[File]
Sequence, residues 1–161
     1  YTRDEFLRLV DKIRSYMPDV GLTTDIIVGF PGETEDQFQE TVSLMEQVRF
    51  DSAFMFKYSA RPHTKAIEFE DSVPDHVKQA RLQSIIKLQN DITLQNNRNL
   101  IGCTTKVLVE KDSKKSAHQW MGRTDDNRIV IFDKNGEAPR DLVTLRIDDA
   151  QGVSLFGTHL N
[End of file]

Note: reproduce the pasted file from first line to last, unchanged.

Sequence, residues 1–161
     1  YTRDEFLRLV DKIRSYMPDV GLTTDIIVGF PGETEDQFQE TVSLMEQVRF
    51  DSAFMFKYSA RPHTKAIEFE DSVPDHVKQA RLQSIIKLQN DITLQNNRNL
   101  IGCTTKVLVE KDSKKSAHQW MGRTDDNRIV IFDKNGEAPR DLVTLRIDDA
   151  QGVSLFGTHL N